Current Research Projects

Optical Properties of Aerosol Particles

My group is developing state of the art instrumentation to measure how much light is absorbed and scattered by aerosol particles.  This information is critical to understanding the climate system and global climate change.  Absorbing aerosol heats the climate directly, by changing the albedo of snow, and by impacting cloud formation.  Instruments under development include a the ASTER (Aerosol Scattering to Extinction Ratio) instrument which measures the single scattering albedo of individual particles, a photo-acoustic aerosol absorption spectrometer which measures aerosol absorption by monitoring sound waves created when the air is heated, and a Cavity Attenuated Phase Shift (CAPS) aerosol spectrometer which measures aerosol extinction in a manner similar to cavity ringdown.  These instruments are slated to be deployed on several field projects including projects at the Fire Lab in Montana, the Elk Mountain Observatory, and on the King Air Research Aircraft.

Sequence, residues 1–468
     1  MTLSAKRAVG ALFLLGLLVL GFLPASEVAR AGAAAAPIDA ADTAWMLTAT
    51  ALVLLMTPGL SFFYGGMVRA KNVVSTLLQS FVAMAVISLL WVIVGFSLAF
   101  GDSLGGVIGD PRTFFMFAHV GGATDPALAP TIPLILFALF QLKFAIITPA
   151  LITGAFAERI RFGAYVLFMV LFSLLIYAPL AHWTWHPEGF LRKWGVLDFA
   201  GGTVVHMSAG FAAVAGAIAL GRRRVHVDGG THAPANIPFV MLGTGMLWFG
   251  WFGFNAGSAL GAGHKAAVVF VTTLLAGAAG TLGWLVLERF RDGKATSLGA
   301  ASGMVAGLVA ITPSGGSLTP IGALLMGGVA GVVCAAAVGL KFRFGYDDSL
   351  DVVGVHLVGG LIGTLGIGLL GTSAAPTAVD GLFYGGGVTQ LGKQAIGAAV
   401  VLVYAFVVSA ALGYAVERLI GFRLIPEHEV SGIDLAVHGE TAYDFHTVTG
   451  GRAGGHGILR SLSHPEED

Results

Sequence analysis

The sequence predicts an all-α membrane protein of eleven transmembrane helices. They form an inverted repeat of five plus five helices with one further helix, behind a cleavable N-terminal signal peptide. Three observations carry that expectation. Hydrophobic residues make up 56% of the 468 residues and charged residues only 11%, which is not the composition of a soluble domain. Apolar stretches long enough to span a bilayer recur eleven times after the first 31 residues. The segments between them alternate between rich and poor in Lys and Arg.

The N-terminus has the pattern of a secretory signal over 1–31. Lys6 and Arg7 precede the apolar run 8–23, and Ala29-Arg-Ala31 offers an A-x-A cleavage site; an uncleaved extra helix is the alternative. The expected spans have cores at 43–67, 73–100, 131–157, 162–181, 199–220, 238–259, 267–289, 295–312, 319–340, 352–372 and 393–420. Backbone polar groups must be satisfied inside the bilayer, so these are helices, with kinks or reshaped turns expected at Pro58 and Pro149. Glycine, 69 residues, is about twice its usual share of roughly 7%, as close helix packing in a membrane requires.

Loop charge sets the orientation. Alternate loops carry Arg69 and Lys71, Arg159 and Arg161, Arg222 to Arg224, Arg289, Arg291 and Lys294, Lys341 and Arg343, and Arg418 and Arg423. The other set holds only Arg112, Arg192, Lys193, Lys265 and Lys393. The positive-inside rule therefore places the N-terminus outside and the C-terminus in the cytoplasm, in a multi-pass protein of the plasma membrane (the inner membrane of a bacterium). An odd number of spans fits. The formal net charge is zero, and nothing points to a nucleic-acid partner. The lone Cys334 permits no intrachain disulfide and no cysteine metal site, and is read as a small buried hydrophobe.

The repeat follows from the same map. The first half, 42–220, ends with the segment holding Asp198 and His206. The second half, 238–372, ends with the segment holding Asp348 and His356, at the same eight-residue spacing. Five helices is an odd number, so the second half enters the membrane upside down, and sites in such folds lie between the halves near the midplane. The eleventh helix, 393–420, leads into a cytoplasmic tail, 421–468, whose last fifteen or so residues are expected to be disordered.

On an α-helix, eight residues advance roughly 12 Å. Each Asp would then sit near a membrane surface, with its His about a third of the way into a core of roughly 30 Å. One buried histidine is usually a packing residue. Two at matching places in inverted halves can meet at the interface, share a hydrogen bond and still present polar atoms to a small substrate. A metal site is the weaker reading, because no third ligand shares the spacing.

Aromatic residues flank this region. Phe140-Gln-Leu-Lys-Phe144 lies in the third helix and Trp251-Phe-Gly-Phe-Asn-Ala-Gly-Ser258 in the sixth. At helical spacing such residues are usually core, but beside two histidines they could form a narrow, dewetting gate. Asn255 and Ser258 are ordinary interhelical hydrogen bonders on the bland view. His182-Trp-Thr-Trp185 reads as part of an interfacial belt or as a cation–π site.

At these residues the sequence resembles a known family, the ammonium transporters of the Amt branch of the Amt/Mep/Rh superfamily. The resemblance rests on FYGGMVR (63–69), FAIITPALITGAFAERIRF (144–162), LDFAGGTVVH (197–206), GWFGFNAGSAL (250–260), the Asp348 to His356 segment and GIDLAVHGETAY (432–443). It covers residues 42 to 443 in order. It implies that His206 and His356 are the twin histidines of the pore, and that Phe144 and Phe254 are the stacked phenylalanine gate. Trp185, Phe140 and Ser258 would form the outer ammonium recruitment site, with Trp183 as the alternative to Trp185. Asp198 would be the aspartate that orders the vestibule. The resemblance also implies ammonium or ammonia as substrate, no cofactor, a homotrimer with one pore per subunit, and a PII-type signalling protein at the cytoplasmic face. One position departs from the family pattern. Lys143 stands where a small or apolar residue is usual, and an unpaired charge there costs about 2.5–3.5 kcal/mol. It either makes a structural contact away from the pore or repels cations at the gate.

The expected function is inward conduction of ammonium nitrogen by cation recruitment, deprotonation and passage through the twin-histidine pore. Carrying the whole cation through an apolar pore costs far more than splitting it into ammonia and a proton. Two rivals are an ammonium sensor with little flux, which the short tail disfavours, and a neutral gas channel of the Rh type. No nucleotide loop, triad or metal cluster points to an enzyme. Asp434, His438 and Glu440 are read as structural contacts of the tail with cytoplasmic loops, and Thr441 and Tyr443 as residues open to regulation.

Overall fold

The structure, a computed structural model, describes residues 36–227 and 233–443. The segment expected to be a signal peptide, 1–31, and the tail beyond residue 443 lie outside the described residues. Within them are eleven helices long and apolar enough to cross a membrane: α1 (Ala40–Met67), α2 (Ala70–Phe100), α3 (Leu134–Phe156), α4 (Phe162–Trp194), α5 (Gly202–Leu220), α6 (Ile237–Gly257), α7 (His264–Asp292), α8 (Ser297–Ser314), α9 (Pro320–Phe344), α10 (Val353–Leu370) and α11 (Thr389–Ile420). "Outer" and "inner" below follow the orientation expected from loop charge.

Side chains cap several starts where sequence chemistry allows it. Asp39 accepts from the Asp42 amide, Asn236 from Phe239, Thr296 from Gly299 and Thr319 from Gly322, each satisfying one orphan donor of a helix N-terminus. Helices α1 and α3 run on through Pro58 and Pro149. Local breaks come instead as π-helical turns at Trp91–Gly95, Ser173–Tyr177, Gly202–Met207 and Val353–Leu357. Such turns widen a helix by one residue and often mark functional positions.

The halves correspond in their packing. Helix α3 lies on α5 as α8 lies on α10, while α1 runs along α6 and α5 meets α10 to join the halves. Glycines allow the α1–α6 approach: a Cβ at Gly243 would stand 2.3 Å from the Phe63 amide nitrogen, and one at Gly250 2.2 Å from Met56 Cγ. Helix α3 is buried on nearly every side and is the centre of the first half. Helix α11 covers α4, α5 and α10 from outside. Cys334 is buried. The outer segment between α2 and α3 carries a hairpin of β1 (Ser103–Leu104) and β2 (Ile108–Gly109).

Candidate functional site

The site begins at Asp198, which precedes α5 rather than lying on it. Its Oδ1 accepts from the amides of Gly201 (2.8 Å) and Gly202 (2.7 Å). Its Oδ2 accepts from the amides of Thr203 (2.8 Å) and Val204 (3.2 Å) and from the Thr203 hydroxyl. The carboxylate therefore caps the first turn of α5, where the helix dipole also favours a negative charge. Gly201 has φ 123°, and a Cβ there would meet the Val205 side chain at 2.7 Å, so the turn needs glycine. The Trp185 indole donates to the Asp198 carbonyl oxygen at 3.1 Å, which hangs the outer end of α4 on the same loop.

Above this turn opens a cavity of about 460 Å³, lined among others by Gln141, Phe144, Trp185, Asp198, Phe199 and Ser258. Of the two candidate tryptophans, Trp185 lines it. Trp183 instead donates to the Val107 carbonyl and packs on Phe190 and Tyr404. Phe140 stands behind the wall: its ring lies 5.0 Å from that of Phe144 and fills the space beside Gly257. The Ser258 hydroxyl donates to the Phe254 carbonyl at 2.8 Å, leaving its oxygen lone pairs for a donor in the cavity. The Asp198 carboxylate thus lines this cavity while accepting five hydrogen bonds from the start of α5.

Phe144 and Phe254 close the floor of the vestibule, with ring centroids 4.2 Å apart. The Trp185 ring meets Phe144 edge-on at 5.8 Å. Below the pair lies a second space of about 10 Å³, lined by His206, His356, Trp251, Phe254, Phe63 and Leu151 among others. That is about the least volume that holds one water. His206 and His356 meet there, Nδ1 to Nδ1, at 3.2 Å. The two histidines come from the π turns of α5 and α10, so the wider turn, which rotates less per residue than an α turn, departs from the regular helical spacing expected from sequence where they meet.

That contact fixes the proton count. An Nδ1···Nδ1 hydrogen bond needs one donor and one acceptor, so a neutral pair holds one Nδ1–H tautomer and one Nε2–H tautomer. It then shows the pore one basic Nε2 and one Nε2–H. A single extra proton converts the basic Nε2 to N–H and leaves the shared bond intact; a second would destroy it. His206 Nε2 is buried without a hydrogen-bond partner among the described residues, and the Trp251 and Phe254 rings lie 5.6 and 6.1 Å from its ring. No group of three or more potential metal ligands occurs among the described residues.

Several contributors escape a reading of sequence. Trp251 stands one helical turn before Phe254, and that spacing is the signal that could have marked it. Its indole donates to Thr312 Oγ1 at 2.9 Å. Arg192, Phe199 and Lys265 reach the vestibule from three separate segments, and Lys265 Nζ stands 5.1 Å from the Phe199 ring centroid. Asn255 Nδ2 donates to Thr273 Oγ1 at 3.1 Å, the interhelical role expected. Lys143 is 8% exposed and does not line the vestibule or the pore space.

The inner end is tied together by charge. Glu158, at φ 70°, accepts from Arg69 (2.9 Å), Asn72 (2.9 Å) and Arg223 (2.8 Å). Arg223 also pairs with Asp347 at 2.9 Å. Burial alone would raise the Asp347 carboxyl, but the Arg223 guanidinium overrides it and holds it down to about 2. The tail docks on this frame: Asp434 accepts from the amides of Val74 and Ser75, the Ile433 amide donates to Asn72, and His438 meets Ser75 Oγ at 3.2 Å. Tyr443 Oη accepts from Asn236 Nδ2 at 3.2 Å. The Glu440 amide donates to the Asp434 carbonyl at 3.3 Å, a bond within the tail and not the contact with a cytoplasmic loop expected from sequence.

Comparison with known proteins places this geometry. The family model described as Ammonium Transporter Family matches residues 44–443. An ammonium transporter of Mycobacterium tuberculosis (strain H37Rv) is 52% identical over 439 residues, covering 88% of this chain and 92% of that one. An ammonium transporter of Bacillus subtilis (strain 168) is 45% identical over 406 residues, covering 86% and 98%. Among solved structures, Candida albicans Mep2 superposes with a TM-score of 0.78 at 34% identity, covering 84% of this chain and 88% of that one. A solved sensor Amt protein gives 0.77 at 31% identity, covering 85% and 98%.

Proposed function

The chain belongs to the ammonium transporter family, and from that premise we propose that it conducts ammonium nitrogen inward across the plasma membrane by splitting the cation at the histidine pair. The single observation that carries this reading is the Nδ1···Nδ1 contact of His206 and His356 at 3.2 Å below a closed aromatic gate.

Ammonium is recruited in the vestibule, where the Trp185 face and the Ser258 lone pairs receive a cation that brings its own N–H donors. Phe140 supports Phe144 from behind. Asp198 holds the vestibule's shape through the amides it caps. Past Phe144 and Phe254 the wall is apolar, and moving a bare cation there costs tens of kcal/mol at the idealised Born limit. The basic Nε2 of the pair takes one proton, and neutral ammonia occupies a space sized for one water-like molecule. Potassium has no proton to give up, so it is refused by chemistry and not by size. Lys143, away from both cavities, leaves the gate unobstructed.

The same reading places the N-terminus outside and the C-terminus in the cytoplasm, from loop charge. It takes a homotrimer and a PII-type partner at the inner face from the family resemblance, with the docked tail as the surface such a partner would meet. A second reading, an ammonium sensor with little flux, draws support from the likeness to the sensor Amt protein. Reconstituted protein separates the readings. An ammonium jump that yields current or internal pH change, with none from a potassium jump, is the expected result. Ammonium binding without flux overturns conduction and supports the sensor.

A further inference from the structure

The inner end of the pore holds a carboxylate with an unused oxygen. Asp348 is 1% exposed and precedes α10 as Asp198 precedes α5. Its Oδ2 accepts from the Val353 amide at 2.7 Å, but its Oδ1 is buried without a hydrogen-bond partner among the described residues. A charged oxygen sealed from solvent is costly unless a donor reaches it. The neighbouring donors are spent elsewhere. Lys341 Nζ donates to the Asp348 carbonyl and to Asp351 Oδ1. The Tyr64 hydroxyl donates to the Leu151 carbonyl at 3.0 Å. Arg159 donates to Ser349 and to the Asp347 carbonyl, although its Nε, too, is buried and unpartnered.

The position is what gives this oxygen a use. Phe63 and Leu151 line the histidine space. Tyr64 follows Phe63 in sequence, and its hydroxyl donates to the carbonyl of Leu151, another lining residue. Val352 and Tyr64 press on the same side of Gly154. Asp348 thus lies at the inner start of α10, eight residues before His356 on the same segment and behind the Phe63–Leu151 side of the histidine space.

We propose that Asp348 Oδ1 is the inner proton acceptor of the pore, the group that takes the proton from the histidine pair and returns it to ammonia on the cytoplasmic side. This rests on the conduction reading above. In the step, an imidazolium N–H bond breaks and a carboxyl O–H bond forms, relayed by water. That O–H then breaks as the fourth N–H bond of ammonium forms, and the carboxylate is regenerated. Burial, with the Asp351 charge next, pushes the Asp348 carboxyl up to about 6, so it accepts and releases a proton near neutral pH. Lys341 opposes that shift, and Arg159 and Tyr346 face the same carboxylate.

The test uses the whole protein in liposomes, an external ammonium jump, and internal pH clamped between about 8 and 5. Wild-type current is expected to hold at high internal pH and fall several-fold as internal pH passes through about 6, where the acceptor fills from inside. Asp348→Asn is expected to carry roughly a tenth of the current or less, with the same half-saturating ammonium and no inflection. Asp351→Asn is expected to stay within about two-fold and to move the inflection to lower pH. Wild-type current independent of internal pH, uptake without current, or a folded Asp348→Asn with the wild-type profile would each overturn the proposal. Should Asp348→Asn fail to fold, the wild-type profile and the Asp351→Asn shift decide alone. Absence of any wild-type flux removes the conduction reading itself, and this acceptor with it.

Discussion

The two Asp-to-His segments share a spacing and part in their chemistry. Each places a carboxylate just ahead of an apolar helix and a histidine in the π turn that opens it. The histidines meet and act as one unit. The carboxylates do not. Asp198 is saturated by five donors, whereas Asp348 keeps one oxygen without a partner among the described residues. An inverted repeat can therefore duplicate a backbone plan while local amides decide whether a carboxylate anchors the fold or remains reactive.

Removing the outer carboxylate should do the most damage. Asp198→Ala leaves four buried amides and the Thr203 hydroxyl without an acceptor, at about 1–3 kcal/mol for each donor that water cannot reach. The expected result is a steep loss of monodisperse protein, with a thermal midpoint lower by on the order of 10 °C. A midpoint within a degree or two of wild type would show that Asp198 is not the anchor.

The recent expansion of oil and gas exploration through hydraulic fracturing in Wyoming and Utah has led to events that form high ozone and particulate concentrations in the atmosphere.  This project focuses on determining the formation mechanism and chemistry of the aerosol particles formed during these events by using an aerosol mass spectrometer deployed to a field site in the Uintah Basin shown at left


Particle Formation From Gas/Oil Operations

Development of a Novel Optical Particle Counter for Balloon and Antarctic Measurements (proposed, funding pending)

In collaboration with Dr. Terry Deshler, we aim to develop an optical particle counter (OPC) for field measurements of stratospheric and tropospheric aerosol on balloon platforms and remote Antarctic research stations.  These measurements are critical for understanding the impact of stratospheric aerosol on ozone concentrations and for determining the impact of future volcanic eruptions and proposed geo-engineering solutions to global climate change based on increasing stratospheric aerosol